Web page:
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Earth-y orb found in habitable zone: size, position make planet promising prospect for life.

Inching ever closer toward the goal of finding another Earth, scientists have announced the most promising extraterrestrial incubator so far: a planet of at least 4.5 Earth masses, orbiting its star in the region where liquid water can exist.

Called GJ 667Cc, the super-Earth circles one member of a triple-star system shining 22 light-years from Earth near the curving tail of the constellation Scorpius.

Unlike other recent tantalizing discoveries, the planet is both well within its star's life-friendly zone and just about the right size to host life as we know it. But that doesn't mean GJ 667Cc is habitable, scientists caution.

"It's definitely the best candidate," says astronomer Abel Mendez of the University of Puerto Rico at Arecibo. "If it's rocky, then it will be more compelling evidence that this is a true habitable planet."

An international team spotted the newly announced planet in data from the High Accuracy Radial Velocity Planet Searcher, or HARPS, a Swiss-led project that monitors stars for the gentle gravitational tugs produced by orbiting planets. A star's wobble reveals the mass of a planet circling it. But scientists don't know its radius, how dense the orb is or what it might be made of.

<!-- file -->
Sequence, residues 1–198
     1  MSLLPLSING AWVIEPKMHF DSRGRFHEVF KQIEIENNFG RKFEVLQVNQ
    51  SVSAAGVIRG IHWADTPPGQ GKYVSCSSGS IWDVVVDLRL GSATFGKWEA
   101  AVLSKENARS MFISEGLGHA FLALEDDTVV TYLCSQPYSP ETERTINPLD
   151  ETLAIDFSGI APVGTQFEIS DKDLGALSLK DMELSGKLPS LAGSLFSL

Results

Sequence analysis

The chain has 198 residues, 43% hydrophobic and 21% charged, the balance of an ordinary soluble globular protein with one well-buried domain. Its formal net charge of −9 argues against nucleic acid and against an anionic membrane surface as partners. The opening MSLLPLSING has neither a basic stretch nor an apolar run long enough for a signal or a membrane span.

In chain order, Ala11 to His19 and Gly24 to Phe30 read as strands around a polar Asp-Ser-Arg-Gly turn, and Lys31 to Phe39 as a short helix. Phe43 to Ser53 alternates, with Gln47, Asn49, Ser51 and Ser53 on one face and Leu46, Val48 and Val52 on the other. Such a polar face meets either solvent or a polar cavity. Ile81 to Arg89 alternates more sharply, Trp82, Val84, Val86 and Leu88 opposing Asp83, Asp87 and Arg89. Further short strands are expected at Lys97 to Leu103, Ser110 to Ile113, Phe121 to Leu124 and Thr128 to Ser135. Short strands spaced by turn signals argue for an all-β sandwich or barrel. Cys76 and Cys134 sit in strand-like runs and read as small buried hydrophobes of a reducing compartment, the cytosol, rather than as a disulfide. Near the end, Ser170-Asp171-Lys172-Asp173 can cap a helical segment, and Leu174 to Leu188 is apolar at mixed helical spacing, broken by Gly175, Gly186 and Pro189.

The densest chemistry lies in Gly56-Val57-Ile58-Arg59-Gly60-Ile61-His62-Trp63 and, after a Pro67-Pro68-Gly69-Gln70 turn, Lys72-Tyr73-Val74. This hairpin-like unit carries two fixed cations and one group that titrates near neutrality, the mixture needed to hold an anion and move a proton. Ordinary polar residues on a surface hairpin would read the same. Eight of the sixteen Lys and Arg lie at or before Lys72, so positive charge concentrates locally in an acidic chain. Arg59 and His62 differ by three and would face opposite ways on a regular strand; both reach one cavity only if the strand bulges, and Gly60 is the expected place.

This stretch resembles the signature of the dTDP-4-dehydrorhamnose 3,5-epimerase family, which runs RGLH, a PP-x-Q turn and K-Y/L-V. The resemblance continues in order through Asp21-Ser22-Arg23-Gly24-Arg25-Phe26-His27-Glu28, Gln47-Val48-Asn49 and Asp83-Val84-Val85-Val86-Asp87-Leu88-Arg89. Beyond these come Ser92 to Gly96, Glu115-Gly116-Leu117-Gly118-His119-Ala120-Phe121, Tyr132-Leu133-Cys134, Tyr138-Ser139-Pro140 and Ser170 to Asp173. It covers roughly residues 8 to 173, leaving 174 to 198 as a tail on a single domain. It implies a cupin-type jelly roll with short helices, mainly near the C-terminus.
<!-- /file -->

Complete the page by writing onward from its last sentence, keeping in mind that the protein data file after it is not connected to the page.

Astronomers debate who really discovered GJ 667Cc; this latest announcement comes from a team with a new method for processing HARPS data. Guillem Anglada-Escude of the University of Gottingen in Germany and colleagues sniffed out the signatures of as many as three planets circling the star GJ 667C, reporting the results in an upcoming Astrophysical Journal Letters.

The closest-in planet, also a super-Earth, zooms around the star every 7.2 days. The second planet--the one of interest--dawdles a bit, with a 28.15-day orbit. The third signature could be a planet on a 75-day orbit, but could also be just an artifact of the star's activity.


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Title Annotation:Atom & Cosmos
Author:Drake, Nadia
Publication:Science News
Article Type:Brief article
Geographic Code:1USA
Date:Mar 10, 2012
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